"Court Packing" is on the Biden Administration's Agenda -- But Maybe Not in the Way Imagined

AP Photo/J. Scott Applewhite

According to Politico, events are unfolding behind the scenes in the Biden Administration that will result in Joe Biden fulfilling one of his campaign promise — the creation of a “commission” to “study” the current status of the Supreme Court and the Judiciary and to make recommendations on possible changes or improvements.

This issue arose during the campaign following the death of Justice Ruth Bader Ginsburg, and the nomination by Pres. Trump of Amy Coney Barrett to take her place on the Supreme Court.  The Senate went forward with the confirmation process rather than await the outcome of the election.  Democrat activists howled in outrage and began to demand that the Biden campaign pledge to support expanding the Supreme Court to add more Justices if the Democrats took control of both houses of Congress.

Which they did.

But during the campaign the only commitment the Biden campaign would make — knowing that a promise to pack the Court would only further fan the flames on the issue on both sides — was that he would form a commission to study all aspects of the Judicial Branch, and receive any recommendations made by such a Commission.

The demand of the leftists is plain and simple.  With a current 6-3 split on the court in terms of the party whose President appointed the sitting Justices — with Pres. Trump having appointed three of the six — the left-wing wants the Biden Administration to add four new seats to the Court, all to be appointed by Biden, creating a new 7-6 split in favor of Democrat Presidents.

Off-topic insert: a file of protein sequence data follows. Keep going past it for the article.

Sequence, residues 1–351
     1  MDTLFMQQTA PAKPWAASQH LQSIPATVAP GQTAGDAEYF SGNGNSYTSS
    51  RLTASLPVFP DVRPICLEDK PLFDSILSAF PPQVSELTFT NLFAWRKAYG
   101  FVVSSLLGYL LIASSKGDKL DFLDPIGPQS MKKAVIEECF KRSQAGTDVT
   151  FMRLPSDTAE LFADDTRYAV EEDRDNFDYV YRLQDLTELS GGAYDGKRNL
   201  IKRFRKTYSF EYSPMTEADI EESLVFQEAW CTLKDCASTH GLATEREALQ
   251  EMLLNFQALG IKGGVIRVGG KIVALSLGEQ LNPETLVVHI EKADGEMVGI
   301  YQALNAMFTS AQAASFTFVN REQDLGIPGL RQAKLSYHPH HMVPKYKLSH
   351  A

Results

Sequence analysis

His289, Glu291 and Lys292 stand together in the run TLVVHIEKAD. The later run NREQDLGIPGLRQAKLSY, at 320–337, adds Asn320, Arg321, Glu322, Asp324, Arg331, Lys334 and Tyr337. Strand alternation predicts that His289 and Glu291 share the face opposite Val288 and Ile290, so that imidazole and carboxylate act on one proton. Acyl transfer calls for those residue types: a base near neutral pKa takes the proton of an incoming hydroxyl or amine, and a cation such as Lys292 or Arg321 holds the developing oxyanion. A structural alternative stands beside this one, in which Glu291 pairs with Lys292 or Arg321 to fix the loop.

But this is all a farce.

Joe Manchin is already on record stating that he will not agree to “pack the Court” by adding to the number of Justices and then confirming Biden nominees to each of the new seats on the Court. Manchin would be ending his political career as West Virginia voters would certainly turn him out of office over such a vote.

Further, several other Democrats in “purple” states — and a couple in “red” states — would be unelectable next time around if the Court was expanded on a straight party-line vote.

To me, this is a non-starter, and every Democrat in the Senate — starting with Chuck Schumer — knows that.

But that doesn’t mean it’s a useless ploy — in fact, it is just the opposite.

The Supreme Court agrees to hear about 100 cases from among thousands of petitions filed with the Court each year.  Of those cases the Supreme Court does decide, not even close to half involve legal questions that are meaningful to a wide segment of the population.  Many are issues of regulatory matters involving particular industries that are meaningful to the people in those industries, but meaningless to the broader population.

While the Supreme Court does decide a handful of cases every year that is widely anticipated and covered in the media, the 12 Circuit Courts of Appeal decide cases every day — thousands of cases a year — which have a far greater impact on the lives of Americans because in almost every instance the decision of the Court of Appeal becomes the final word on the subject.